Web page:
The digital aesthetic Lynch used for this picture is married to the image so that his stream of consciousness visual grammar is now freer than ever. It is incredibly difficult to think of this being shot on 35mm. Which is probably the best reason why the filmmaker should turn to the format. Inland Empire is proof that when digital is needed to tell the story, or in this case, the experience, it should be handled in as much an artistic way possible.

What Lynch and his magical hand have to say:

Miami Vice

Director: Michael Mann
Cinematographer: Dion Beebe
Camera used: Thompson Viper

Nobody can shoot night time scenes quite like Michael Mann. This can be traced back all the way to Thief lights bounce beautifully off the hood of the car. Or how he wet down the streets in order to capture the shots more effectively. The man knows his stuff. Miami Vice sees Mann continue what he was doing on Collateral. Though not entirely shot on digital, Collateral showcased Mann’s love for the format and with subsequent work he would prove that it was not a one night stand. The boat scenes shot at night particularly stand out in Vice. As does the opening of the director’s cut. The camera submerged underwater and slowly rising out. 


Director: Alfonso Cuaron
Cinematographer: Emmanuelle Lubezki
Camera used: Arri Alexa

What can I say about Gravity’s look that hasn’t been said time and time again by other people? Lubezki has an Oscar to show for it (an example of the Academy get it right).


Director: Sam Mendes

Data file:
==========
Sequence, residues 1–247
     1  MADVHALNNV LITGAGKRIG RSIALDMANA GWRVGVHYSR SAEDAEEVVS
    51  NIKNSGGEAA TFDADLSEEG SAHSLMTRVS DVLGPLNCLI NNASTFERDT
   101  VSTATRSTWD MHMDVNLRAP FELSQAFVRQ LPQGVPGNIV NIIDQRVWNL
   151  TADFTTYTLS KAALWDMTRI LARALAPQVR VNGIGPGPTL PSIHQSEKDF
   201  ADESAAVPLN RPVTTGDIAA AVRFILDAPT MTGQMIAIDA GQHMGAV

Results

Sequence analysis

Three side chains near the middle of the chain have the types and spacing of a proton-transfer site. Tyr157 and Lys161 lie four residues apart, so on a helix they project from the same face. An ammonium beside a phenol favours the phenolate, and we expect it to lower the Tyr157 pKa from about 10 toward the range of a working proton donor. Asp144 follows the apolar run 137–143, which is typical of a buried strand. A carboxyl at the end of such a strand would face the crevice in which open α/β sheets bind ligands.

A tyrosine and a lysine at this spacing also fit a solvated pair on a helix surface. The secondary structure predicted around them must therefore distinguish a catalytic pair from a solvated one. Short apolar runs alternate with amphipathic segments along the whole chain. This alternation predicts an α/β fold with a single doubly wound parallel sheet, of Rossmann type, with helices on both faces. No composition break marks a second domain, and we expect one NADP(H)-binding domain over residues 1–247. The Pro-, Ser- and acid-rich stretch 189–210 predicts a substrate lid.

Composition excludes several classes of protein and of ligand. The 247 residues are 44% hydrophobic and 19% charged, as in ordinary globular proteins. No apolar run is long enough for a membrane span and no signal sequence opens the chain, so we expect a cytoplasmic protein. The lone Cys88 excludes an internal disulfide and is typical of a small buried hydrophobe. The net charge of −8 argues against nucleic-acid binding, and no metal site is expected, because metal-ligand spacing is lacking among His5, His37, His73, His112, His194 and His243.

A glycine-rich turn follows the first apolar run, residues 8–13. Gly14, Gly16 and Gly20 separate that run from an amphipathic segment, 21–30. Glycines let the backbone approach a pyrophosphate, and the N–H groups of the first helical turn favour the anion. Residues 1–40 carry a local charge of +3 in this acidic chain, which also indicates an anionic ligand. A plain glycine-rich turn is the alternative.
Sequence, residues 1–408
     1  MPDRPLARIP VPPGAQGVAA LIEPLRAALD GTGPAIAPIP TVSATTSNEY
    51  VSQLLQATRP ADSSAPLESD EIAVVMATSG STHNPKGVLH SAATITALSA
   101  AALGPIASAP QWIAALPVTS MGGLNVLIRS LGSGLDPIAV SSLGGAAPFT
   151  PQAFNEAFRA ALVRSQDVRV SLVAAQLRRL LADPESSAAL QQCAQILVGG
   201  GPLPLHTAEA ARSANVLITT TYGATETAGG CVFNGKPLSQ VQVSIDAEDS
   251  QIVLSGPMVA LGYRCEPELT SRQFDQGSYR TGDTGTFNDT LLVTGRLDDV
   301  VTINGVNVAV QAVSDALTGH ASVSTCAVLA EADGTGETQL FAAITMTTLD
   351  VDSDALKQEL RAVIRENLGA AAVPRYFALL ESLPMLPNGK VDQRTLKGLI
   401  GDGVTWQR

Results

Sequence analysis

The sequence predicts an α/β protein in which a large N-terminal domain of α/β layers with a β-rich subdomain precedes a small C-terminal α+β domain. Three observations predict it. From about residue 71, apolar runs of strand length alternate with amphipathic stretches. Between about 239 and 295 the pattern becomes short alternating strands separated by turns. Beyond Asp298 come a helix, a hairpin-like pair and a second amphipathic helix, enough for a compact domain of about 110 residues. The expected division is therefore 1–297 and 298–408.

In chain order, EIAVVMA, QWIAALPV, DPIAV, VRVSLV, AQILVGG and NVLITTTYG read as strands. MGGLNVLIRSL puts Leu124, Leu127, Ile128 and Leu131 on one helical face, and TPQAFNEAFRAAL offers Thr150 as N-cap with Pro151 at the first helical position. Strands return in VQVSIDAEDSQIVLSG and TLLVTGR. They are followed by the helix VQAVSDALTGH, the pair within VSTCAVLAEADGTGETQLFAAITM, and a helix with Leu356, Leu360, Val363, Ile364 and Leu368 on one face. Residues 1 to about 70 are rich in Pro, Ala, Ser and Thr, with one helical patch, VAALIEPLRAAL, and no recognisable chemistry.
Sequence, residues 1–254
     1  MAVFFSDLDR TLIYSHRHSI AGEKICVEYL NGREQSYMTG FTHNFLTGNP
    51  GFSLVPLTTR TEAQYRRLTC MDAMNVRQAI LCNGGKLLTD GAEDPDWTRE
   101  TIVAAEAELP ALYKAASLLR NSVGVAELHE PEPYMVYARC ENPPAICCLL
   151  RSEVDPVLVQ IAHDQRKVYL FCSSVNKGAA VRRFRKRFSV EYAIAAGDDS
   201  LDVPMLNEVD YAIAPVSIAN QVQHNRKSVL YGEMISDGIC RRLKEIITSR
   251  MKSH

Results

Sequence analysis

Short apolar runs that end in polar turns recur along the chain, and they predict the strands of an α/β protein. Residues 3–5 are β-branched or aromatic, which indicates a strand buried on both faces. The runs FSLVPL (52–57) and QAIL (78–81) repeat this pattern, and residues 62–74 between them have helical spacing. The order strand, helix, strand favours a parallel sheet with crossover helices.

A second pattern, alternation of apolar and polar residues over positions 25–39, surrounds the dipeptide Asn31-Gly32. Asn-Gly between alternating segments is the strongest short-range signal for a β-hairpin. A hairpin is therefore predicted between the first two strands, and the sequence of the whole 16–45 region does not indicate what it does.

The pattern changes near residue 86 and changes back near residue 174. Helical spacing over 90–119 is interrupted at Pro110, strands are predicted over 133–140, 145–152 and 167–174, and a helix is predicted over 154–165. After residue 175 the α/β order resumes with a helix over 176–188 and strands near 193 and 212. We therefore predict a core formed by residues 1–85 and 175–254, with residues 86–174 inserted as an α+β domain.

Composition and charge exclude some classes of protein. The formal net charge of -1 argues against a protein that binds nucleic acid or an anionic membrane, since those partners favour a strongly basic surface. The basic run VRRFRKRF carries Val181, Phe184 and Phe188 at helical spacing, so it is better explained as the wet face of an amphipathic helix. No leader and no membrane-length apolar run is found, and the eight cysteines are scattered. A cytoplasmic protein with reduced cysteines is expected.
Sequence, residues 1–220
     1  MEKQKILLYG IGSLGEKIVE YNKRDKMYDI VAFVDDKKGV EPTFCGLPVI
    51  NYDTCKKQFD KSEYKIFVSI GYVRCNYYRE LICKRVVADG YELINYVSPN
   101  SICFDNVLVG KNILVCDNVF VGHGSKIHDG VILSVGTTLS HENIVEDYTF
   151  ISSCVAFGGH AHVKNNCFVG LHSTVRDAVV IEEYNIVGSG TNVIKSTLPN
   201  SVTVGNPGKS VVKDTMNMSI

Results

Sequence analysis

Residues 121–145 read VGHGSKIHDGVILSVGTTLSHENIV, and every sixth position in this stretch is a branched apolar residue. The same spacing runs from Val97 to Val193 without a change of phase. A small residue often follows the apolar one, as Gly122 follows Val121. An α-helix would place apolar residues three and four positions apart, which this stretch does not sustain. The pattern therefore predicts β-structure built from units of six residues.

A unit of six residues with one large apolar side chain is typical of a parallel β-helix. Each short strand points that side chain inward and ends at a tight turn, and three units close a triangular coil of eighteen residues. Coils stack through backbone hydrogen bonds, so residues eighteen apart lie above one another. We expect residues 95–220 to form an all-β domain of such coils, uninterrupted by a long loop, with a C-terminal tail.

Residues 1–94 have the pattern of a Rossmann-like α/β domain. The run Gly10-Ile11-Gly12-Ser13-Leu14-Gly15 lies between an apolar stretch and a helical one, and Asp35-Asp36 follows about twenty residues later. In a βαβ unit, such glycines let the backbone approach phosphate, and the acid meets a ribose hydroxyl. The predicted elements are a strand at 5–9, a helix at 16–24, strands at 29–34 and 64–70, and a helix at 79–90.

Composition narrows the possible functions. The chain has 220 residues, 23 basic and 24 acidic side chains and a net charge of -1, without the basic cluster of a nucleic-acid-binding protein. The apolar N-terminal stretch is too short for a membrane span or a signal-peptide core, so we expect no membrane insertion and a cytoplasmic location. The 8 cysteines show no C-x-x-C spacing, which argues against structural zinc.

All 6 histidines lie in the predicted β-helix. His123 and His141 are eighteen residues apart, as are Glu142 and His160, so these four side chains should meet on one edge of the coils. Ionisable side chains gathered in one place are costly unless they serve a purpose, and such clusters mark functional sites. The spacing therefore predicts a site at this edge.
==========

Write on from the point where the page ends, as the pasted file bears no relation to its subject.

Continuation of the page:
Cinematographer: Roger Deakins
Camera used: Arri Alexa

One of the best looking Bond film at the moment. One of my favorite things about the James Bond franchise was visiting all the exotic locales around the world. Deakins does all of us Bond fans a favor and uses compelling scenic imagery along with lush interior scenes.


Director: Steven Soderbergh
Cinematographer: Peter Andrews
Camera used: Red One M

“I don’t wait for the tool. I have the tool wait for me.” This Welles quote was used by Soderbergh on the enlightening documentary Side By Side. In it, he uses that quote as a means to tell us how he shot his most difficult project yet- Che. With Che, Soderbergh got his hands on the RED camera. Hot off the production line. The RED camera has evolved from RED EPIC (used by Fincher on Girl With the Dragon Tattoo) to RED Dragon (used for the first time on a feature for Fincher’s Gone Girl). Soderbergh’s features have been shot on digital for a while. With The Knick being the peak of his shooting on digital, Che is a reflection of his better photographed digital films.

Before the Devil Knows You’re Dead

Director: Sidney Lumet
Cinematographer: Ron Fortunato
Camera used: Panavision Genesis

What if a cinematic legend decided to go to digital? What if Hitchcock or even Kubrick was around during digital editing and camerawork? We’ll never know those two possibilities, but what we did get was another master who used the format- Sidney Lumet.


Director: Martin Scorsese
Cinematographer: Robert Richardson
Camera used: Arri Alexa

I’m not a huge fan of this film. But it is also one of the best looking Scorsese films. Thanks to the master of hot light, Robert Richardson.

For more information on digital vs. film seek out the documentary Side By Side.